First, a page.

Silk has had a strong start to FY23 and expects to continue on its growth trajectory.

Pacific Smiles operates over 120 dental centers nationwide and over 800 dentists operate their practices with PSQ.

The company has been hit hard during lockdown as the number of walk-in patients dropped dramatically.

However, FY23 performance to date shows business volume and activity returning to pre-pandemic levels.

However, the company says the level of growth is expected to be more consistent over a longer period of time than post-lockdown increases recorded in FY21.

Higher cancellation rates and doctor absences mean appointments continue to be rescheduled but ultimately stay on the books.

For FY23 PSQ has provided the following guidance:

  • Patient fees between $270 and $285 million (up from $226 million in FY22)
  • Underlying EBITDA of between $24 million and $27 million (vs. $11.3 million in FY22)
  • 5 new PSG centers and 2 new HBFD centers are planned to open in FY23

Established in 1986, Shaver Shop is a specialty retailer of personal care products for men and women.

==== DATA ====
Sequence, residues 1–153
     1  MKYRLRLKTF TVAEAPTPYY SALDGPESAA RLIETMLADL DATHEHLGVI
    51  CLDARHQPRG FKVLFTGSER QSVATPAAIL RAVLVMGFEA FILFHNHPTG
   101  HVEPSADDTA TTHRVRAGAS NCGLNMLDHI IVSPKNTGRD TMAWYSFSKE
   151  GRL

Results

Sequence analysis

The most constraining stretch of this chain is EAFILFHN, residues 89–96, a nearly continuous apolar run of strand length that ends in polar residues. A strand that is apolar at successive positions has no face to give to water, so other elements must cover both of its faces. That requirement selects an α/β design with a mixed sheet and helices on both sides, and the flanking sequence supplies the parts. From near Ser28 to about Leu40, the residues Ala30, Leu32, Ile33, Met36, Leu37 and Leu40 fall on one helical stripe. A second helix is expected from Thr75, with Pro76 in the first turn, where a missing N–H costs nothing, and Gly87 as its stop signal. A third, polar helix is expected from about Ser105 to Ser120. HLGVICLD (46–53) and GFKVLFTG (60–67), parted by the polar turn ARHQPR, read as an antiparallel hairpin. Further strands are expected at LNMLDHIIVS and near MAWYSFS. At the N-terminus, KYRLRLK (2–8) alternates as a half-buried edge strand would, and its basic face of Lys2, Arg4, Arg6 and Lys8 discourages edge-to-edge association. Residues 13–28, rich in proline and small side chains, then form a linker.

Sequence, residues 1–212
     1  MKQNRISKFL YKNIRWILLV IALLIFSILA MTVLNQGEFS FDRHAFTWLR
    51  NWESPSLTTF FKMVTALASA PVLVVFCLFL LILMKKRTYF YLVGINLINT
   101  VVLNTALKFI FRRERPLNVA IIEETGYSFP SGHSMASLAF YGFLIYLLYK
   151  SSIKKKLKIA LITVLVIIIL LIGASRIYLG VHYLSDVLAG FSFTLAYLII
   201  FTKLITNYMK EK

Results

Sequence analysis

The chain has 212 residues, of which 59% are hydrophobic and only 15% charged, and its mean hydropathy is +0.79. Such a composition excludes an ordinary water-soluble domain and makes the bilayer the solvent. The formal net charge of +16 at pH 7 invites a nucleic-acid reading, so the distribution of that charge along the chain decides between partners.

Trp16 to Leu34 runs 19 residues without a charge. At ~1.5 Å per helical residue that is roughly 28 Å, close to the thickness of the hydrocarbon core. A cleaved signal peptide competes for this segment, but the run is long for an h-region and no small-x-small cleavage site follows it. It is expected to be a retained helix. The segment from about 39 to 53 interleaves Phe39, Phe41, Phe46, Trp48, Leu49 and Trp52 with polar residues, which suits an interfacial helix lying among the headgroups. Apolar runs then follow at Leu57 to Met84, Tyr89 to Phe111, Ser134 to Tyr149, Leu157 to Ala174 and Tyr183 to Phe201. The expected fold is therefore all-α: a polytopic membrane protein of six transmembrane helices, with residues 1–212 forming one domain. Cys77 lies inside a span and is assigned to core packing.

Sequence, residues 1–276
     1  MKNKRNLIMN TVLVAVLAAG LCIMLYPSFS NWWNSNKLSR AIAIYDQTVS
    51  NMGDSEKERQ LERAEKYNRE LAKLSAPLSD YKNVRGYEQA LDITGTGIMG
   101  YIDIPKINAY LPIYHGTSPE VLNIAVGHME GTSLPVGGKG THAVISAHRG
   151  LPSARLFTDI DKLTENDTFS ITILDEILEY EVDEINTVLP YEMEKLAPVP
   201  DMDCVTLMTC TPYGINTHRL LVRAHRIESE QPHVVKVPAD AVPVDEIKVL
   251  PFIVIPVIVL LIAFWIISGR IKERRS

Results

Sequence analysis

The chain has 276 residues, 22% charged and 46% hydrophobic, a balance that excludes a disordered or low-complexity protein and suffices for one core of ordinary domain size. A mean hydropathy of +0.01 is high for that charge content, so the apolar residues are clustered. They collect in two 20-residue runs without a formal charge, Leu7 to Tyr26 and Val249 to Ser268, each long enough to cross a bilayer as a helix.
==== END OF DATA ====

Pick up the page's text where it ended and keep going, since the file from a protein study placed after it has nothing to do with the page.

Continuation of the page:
It operates 120 owned and franchised stores across Australia and New Zealand, as well as an e-commerce platform.

Shaver Shop’s main product categories include electric shavers, clippers, trimmers, hair styling, women’s hair removal, and wet shaving items for men and women.

Despite the disruptions from Covid, total FY22 sales increased 4.2% over FY21 to $222.7 million.

The company has quickly moved into the digital space, with online sales now accounting for 34% of total sales.

Looking ahead, SSG says its priorities in FY23 will be to expand its product range and brand portfolio, particularly in female categories.

It will also seek to improve brand awareness and economies of scale in New Zealand by opening new stores.

CCX is a global omnichannel retailer specializing in plus size women’s clothing, lingerie, footwear and accessories.

It is a collective of customer-led brands including City Chic, Avenue, Evans, CCX, Hips & Curves and Fox & Royal.

The company’s retail network in Australia and New Zealand consists of 12 premium flagship stores.

It also boasts great geographic diversification, with 56.2% of sales now coming from the Northern Hemisphere, where it offers 8,000 styles for over 15,000 brands.

In FY22, CCX had revenue of $369 million with an underlying NPAT of $28.5 million.

Looking ahead to FY23, CCY is targeting a closing inventory of $125 million to $135 million as of June 30, 2023 as the supply chain normalizes.

Stock prices today: